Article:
Musings —05.08.2015 08:30 AM—
“The real issue is me. Twitter is an addictive little thing, and if it’s there, I gotta check it. When you keep doing something after it stops giving you pleasure, that’s kind of rock bottom for an addict…I just had a little moment of clarity where I’m like, You know what? If I want to get stuff done, I need to not constantly hit this thing for a news item or a joke or some praise, and then be suddenly sad when there’s hate and then hate and then hate.”
I don’t think the issue is Twitter, per se. Twitter, to me, is the global water cooler – and also the new global news service. It is far, far more valuable than Facebook or some other social media platform.
The issue is one all of us observed when we all got our first Blackberries, or our first smartphones: the addictive nature of those little bits of data pinging onto our device. There have been myriad studies about it, suggesting that our tendency to constantly check our devices actually stimulates the release of dopamine in our brains:
“…before long, people were referring to their BlackBerries as CrackBerries, and parents were beginning to worry about the number of hours their kids spent on video games. We now believe that the compulsion to continually check email, stock prices, and sporting scores on smartphones is driven in some cases by dopamine releases that occur in anticipation of receiving good news. Indeed, we have grown so addicted to our smartphones that we now experience “phantom smartphone buzzing,” which tricks our brains into thinking our phone is vibrating when it isn’t.”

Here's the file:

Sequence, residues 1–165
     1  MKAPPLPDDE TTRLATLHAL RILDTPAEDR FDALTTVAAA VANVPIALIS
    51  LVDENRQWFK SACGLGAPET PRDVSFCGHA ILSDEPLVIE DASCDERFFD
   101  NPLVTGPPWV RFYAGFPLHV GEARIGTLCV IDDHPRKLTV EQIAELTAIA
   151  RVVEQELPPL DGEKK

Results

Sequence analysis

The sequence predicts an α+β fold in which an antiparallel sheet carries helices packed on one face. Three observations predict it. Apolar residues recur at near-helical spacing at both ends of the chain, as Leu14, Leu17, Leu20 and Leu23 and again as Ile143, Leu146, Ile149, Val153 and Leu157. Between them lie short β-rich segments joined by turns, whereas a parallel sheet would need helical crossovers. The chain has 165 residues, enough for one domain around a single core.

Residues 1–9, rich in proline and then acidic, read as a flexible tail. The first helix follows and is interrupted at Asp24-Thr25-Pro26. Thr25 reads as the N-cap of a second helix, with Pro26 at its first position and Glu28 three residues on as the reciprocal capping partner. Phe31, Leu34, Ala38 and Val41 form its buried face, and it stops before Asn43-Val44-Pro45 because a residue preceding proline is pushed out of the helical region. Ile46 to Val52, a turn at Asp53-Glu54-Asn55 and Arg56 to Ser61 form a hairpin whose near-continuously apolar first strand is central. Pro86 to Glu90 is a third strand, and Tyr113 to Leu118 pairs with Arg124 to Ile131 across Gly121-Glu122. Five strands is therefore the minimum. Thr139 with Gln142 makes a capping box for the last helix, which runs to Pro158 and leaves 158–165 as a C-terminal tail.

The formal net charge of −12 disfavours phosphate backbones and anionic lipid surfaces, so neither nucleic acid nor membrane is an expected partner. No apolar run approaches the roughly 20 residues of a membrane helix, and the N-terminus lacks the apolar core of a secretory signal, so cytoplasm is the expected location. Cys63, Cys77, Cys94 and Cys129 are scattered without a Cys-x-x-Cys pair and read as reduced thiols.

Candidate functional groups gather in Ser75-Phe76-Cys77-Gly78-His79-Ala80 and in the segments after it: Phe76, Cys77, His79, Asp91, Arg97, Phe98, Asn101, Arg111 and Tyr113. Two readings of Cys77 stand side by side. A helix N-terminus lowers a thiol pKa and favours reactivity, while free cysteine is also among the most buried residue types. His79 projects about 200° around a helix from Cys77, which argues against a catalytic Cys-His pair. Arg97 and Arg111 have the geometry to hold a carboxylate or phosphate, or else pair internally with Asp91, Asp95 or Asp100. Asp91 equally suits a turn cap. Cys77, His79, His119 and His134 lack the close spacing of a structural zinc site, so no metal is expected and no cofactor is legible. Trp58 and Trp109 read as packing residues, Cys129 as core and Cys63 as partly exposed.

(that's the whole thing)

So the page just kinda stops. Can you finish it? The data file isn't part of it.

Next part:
I have been in bands with guys who check their devices between songs onstage. I have been in campaign meetings where the device-checking got so bad, the campaign manager had to confiscate people’s devices. And, of course, all of us see people checking their devices when they drive, every single day.
The social media platform isn’t the problem – and nor is the problem the type of device we have. The problem, as Whedon suggests, is us: our brains are wired in such a way that we are addicted to precisely the sort of stimulation our devices provide.
Anyway, I doubt some of you have gotten this far in my little exegesis. I’ve wildly exceeded my 140 character limit!